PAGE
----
The first thing to do is acknowledge and accept it. Accept that it’s OK to feel overwhelmed by a cold or getting “normal people sick.” Know that it’s OK to be sick and tired of being sick and tired, and all the appointments that come with it.

Second, show yourself some compassion. You deserve to feel as good as you can. When we push off seeing our providers for acute issues, we put more stress on an already overtaxed body. This can lead to symptom flares or exacerbations. Not good.

The third thing you can do is to give yourself a break with a deadline. Communicate this pause in appointments with your care team and schedule them accordingly. Give yourself a breather. It will give you the time you need to reset your frame of mind to be able to tackle what’s necessary going forward.

Last, let your support network know when you are struggling. Reach out to friends and family and do something fun or frivolous. Recharge your batteries however and whenever you’re able. Lean on those you can and let them support you.

I know it’s hard. I’m right there with you. In 2023, if my regular standing appointments hold true to schedule, I will have 30 appointments by the end of the year. That doesn’t include acute issues or follow-ups with my specialists.

As for me, I’m fighting medical burnout by scheduling a pedicure with my husband. It will be the first time he and I have done that together, and after nearly 12 years together, I am looking forward to another first.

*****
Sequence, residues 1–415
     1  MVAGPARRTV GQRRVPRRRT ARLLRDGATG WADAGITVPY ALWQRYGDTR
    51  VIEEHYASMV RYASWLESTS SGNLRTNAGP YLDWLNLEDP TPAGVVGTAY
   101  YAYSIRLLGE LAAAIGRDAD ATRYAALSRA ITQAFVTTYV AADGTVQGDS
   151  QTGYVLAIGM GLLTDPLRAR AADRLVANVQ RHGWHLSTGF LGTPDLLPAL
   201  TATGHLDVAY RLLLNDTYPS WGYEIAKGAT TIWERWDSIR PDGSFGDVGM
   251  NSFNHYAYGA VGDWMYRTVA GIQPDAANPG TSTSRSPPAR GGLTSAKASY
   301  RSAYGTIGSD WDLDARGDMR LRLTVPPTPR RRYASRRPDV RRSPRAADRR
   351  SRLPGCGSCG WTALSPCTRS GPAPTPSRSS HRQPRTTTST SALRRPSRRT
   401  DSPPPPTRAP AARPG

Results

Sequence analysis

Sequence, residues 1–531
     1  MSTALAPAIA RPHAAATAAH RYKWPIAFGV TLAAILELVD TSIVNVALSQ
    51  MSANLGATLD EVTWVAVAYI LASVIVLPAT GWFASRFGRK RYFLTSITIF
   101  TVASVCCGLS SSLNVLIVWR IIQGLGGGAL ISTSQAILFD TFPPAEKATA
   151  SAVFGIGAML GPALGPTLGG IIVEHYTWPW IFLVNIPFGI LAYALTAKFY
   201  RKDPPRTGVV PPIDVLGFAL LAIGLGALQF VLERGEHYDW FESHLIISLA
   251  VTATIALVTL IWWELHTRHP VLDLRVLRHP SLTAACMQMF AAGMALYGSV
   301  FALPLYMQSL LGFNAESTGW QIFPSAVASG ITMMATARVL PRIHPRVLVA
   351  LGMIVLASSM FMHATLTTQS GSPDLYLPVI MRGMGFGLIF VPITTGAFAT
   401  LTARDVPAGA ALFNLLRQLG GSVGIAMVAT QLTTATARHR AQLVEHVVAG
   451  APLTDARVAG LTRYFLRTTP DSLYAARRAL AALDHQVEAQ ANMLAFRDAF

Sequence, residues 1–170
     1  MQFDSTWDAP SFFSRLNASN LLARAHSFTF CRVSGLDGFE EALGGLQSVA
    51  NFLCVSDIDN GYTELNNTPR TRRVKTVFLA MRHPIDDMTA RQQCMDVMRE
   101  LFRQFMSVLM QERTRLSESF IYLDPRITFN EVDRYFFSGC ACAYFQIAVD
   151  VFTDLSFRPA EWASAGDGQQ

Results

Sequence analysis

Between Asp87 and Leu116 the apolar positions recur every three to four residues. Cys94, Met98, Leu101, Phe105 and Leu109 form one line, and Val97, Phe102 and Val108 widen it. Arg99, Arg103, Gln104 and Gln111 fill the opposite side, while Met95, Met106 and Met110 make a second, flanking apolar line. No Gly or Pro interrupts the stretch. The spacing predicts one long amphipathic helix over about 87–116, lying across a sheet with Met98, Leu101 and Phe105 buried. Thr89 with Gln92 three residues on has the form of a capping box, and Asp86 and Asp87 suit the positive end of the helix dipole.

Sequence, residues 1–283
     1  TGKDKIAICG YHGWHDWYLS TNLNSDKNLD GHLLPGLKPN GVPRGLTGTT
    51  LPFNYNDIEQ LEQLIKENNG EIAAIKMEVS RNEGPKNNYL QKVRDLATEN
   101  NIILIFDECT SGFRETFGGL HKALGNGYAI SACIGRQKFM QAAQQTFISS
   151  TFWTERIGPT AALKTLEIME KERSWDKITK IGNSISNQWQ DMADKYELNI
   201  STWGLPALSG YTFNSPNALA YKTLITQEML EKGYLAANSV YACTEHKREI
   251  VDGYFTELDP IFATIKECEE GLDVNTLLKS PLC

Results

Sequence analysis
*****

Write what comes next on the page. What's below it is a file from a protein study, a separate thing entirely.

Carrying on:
How do you combat medical burnout? Please share in the comments below.

Note: Myasthenia Gravis News is strictly a news and information website about the disease. It does not provide medical advice, diagnosis, or treatment. This content is not intended to be a substitute for professional medical advice, diagnosis, or treatment. Always seek the advice of your physician or other qualified health provider with any questions you may have regarding a medical condition. Never disregard professional medical advice or delay in seeking it because of something you have read on this website. The opinions expressed in this column are not those of Myasthenia Gravis News or its parent company, BioNews, and are intended to spark discussion about issues pertaining to myasthenia gravis.


gerry carter avatar

gerry carter

hello, interesting article. As a veteran you don't have problems from being in combat? Pyrastigmine was given to troops to combat chemical attack and is not good for the body...I am using PEMF and the change in me has been amazing. Less tiredness and Myasthinia in remission I am told. Also using hydroxy gas, reserach George Wiseman. Incredible stuff and finally do yo have a really good water filter! Good luck in your journey x